Boxing giant Floyd Mayweather and music producer DJ Khaled have become the first people to be charged by the US Securities and Exchange Commission for the unlawful promotion of initial coin offerings.
Floyd Mayweather and DJ Khaled - real name Khaled Mohamed Khaled - have settled charges brought against them by the SEC for failing to disclose payments they received to tout investments in ICOs in 2017.
Mayweather did not disclose payments received from three ICO issues, including an amount of $100,000 from Centra Tech. Khaled was also paid by Centra Tech, failing to disclose a $50,000 payment.
On Twitter, Khaled referred to Centra Tech as a "game changer" while Mayweather encouraged followers to invest and claimed to have invested himself.
In April 2018, the SEC filed a civil action against Centra Tech claiming the ICO was fraudulent. Criminal charges were also filed.
In an Instagram post Mayweather predicted he would make a significant amount of money off of another ICO and tweeted about a third, stating: "You can call me Floyd Crypto Mayweather from now on." He made $200,000 promoting the two ICOs but did not disclose the payments.
Settling the charges without admitting or denying wrongdoing, Mayweather and Khaled agreed to pay disgorgement, penalties and interest.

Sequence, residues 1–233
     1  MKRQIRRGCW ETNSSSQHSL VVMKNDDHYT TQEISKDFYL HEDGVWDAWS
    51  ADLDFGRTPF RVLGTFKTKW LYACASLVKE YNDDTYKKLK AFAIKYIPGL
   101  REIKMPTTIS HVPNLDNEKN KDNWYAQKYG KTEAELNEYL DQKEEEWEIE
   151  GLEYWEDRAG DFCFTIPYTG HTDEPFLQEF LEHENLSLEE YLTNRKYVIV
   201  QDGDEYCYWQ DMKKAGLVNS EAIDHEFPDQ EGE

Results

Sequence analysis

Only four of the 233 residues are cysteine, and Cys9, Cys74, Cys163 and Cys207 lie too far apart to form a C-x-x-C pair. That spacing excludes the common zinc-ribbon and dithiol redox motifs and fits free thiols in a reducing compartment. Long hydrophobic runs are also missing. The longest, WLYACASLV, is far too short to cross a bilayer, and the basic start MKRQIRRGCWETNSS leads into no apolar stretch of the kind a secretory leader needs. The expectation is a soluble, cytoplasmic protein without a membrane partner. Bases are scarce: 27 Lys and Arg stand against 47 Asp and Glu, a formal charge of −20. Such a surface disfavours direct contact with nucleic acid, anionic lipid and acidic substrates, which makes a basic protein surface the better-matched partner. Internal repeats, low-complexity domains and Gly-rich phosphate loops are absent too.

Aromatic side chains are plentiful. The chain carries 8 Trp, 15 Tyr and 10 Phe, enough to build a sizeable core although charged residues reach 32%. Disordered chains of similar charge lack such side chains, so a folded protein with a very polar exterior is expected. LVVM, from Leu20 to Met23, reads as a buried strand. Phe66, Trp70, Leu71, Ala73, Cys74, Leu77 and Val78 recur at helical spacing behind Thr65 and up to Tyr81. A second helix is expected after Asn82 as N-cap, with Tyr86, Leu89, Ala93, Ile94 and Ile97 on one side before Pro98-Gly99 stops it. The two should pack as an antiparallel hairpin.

Mayweather will pay $300,000 in disgorgement, a $300,000 penalty, and $14,775 in prejudgment interest. Khaled will pay $50,000 in disgorgement, a $100,000 penalty, and $2,725 in interest. They are now banned from promoting any securities, digital or otherwise, for three and two years respectively.
SEC enforcement division co-director Stephanie Avakian said these cases highlight the importance of full disclosure to investors.
"With no disclosure about the payments, Mayweather and Khaled's ICO promotions may have appeared to be unbiased, rather than paid endorsements," she said.
The SEC also warned against making investment decisions on the back of celebrity endorsements. The investigation is ongoing.
"Any celebrity or other individual who promotes a virtual token or coin that is a security must disclose the nature, scope, and amount of compensation received in exchange for the promotion. A failure to disclose this information is a violation of the anti-touting provisions of the federal securities laws," the SEC said.
"Celebrities who endorse an investment often do not have sufficient expertise to ensure that the investment is appropriate and in compliance with federal securities laws."